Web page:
11 September: DB

Howdy all

Since this is my first monthly update, I guess I should give you all a quick recap of where I’ve been since I left KBAD.  Marcia and I flew out to Anchorage a couple of days after my retirement ceremony.  I was expecting to spend the entire winter being a ski bum.  I did manage to get a couple of days of cross-country skiing in, but then a pineapple express came roaring in and melted all the snow.  From Jan 03 until spring it did nothing but rain, which made Anchorage a very dark and depressing place (in fact Shreveport was cooler than Anchorage that winter).  We did manage a 10 day visit to New Zealand in March 03, and that is one place that I would recommend everyone visiting at least once (the natives are friendly and the environment is pristine).
In May 03 we relocated to Ramstein, Germany (Marcia took the job as the Civilian Personnel Officer for the wing).  I spent most of my time at the wood skills shop building tables, adirondak chairs, and rockers.  And I did a lot of skiing during the winters.  I joined one of the local ski clubs and got to ski Austria, France, Switzerland, and Italy (funny though, I didn’t make it to one slope in Germany).  Also did a lot of traveling around Europe.  The best discount airline, Ryan Air, flew out of the old fighter base at Hahn and we could get to most major European cities from that location.  I guess our best deal was flying to Vienna for one Euro cent per ticket each way (of course, there were taxes added on but the total ticket price was less than $30).  All in all I had a great time in Europe, I think that it’s kind of humorous that I tried all my military career to get over to Europe and was never successful, but then I retire and within 6 months there I am in Germany.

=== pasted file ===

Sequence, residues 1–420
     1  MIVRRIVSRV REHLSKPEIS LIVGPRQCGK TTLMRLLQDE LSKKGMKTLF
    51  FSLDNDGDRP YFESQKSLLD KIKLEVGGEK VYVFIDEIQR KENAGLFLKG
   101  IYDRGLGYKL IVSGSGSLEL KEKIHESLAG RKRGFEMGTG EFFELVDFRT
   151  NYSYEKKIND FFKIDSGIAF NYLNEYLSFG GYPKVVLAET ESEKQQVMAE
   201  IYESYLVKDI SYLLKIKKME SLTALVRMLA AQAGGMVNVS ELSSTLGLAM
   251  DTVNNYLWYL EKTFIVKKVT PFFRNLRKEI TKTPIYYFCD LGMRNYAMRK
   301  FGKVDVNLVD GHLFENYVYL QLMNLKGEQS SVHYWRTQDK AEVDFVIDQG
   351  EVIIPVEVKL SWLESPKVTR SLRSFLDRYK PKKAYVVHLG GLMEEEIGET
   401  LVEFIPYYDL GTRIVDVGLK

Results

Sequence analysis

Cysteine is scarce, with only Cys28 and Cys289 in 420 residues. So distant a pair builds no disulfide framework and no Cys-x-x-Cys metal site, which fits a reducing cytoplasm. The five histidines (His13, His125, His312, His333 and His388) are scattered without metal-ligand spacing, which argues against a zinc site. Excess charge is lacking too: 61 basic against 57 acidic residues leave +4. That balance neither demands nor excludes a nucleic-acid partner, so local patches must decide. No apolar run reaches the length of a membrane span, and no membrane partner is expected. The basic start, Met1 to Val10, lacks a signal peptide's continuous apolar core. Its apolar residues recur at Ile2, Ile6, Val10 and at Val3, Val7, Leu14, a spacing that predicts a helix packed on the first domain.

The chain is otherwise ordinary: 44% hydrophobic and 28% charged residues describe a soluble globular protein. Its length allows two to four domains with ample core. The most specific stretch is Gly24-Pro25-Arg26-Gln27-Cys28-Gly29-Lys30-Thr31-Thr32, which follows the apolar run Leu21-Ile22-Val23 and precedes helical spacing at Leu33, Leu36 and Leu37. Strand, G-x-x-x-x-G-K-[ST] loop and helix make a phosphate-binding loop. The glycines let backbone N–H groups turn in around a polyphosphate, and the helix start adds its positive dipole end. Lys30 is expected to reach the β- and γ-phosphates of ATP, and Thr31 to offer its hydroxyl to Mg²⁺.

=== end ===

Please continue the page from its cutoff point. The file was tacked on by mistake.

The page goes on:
Relocated back to the states in May 06.  We probably would have spent an additional two years over there, but we had to move from our first house in Jan 05 (nasty divorce of our landlords — German law required that we move when the landlord requested the house back even though we were on a lease) and we ended up moving to a remote village that was so small that it didn’t even have a bakery in it (moving in the winter sucks because there’s no housing available–all the GIs move during the summer).  The commute to the base was at least 30 minutes which was about 25 minutes longer than the commute from our first house.

Marcia was assigned to the Air Staff in the A-1 directorate, but left the Air Force in Oct 06 to become the Assistant Director for Personnel Services for the Washington Headquarters Service (the HR people for the Secretary of Defense).   Notice that I haven’t once mentioned work for myself.  Right now I’m still not working, or I should say, I’m still retired.  I was asked to fill one of the rated officer staff positions at USAFE, but declined because I was having too much fun skiing and traveling.  Things may change in the near future; the cost of living in the DC area is still steep and

Virginia likes to tax everything to the max.

I also was stunned to see the article in the Post concerning the latest AF gaff.  My neighbor retired from the Department of Energy (a Senior Executive Service  – BG equivelent) and asked some pointed questions on how that mistake could happen.  It’s going to be interesting to see the in-fighting between STRATCOM and ACC on who is at fault and where the training shortfall occurred.  I can see the Wg/CC, the OG and the MX commanders at both locations getting the axe, along with the responsible Ops Sq/CC (MMS/CC is already mort).  Chuck is right when he stated that in SAC we all were expected to be experts in the weapons, tactics, and procedures.  It parallels what Chesty Puller said about leadership, no six month academic school will replace the experience of being in the field with the troops.  What are the odds that the AC and/or the RN were target arms?

Well I guess that’s about it from this end of the world.  Take care and keep in touch



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